In Math, children are working on both the decimal system and the teens & tens. Much like in the first year, the child is first introduced to quantity (concrete) then symbol and then the two are associated. Children are also introduced to the four operations (addition, subtraction, multiplication, division). Please click on the photos below to read more in depth.

Geography continues with more complex puzzles and additional vocabulary. Children learn about various cultures, landmarks, flags, and people.

Children are demonstrating Grace & Courtesy more consistently. More social situations arise wherein children practice problem solving with the help of older peers and teachers. Children begin demonstrating a “We mindset,” as part of the larger classroom community.

Fruit & Flourish

The Culminating Year

The child’s final year in the Casa Program is the capstone for his or her experience. This is when the children take all the tools from the previous years to map out an education all their own. They are confident, capable, and on their way to a lifelong love of learning.

This is the year when it all comes together; learning is consolidated and children flourish.

Socially, these children are the leaders of the classroom, showing pride and demonstrating responsibility, having grown in the environment for the past few years. The teachers know these children very well, having spent years building that foundational relationship to help them grow.

In Practical Life, these children combine a variety of skills practiced previously. Baking consolidates reading, measurement, patience, and self-discipline to create a variety of treats and confections.

Children who’ve learned sewing a button, stitching, tying knots and bows bring all these skills together to create pillows or embroider wonderful creations.

In Language, children begin crafting stories and learning about the different parts of speech. This is the point wherein children begin using language as a means of self-expression and reading for comprehension and learning.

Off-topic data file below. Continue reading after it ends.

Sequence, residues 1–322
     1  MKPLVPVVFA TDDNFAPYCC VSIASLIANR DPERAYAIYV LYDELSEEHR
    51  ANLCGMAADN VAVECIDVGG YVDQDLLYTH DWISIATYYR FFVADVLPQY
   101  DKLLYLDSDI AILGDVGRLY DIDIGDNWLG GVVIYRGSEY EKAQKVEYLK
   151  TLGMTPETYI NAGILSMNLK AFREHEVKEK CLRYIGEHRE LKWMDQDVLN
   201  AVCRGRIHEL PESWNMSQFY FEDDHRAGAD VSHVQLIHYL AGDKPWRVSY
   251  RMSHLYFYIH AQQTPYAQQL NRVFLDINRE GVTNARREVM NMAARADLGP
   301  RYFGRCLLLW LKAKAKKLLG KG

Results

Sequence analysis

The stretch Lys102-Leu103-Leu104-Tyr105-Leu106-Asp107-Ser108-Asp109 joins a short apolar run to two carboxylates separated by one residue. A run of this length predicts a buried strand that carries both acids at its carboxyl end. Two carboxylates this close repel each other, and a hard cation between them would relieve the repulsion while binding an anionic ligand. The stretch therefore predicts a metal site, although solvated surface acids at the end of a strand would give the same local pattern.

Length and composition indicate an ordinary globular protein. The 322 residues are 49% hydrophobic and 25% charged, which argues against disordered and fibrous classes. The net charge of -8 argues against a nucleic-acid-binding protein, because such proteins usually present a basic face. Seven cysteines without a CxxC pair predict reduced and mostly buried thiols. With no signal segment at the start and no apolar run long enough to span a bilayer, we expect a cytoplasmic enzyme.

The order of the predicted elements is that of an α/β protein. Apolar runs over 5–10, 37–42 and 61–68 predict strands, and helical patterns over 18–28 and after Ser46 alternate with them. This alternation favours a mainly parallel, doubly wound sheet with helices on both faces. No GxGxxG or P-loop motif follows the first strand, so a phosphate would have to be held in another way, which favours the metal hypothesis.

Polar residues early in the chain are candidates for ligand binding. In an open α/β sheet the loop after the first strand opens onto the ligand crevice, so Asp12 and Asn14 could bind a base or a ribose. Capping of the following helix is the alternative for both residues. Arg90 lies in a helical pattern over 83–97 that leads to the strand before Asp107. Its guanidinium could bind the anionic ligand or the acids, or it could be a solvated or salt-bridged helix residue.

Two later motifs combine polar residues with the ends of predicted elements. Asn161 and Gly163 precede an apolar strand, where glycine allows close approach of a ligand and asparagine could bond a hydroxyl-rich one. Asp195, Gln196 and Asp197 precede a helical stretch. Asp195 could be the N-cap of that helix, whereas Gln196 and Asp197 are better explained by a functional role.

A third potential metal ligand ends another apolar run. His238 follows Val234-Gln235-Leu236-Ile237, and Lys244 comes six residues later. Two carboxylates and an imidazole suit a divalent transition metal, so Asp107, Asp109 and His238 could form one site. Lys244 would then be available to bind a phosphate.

The Math curriculum solidifies the child’s experience with numbers, leaping off the solid concrete foundation placed in the first few years of Casa. The operations and number facts are practiced until the child is ready to move to more abstract methods.

Geography now serves as a launching pad for a variety of explorations; geography folders open the child’s eyes to different cultures around the globe; research projects often stem from children’s explorations.

The Full Casa Cycle

Bringing it All Together

The Casa Cycle strives to deliver an education aimed at the whole child; to help a child become fully confident in their own abilities, to express independent thought and action, to build resilience, to be critical and creative, to be self-driven, self-disciplined and self-regulated. Each year of the cycle serves a critical purpose for the child, preparing the child academically and socially for life.

As we follow the threads of a few activities in the classroom, the benefits of completing the cycle are apparent:

  • Each year, the child builds upon the previous year’s learning, without a lag or gap wherein the child struggles to catch up or learn the same/similar concepts in a different way
    • The Montessori curriculum is streamlined and interconnected to work fluidly for a child’s development, built year upon year.
  • The child grows from one looking up to the older children in their first year, to having the experience of following, learning and growing in the middle year(s), to a true leader in their final year; Confidence naturally grows through this gradual process.

If the process is halted, the children gain only piecemeal benefits from the full curriculum  scientifically designed by Dr. Maria Montessori.

The tree may still grow when replanted, but how much taller and how much sweeter could the fruit have been given a little more time, room, and opportunity to develop?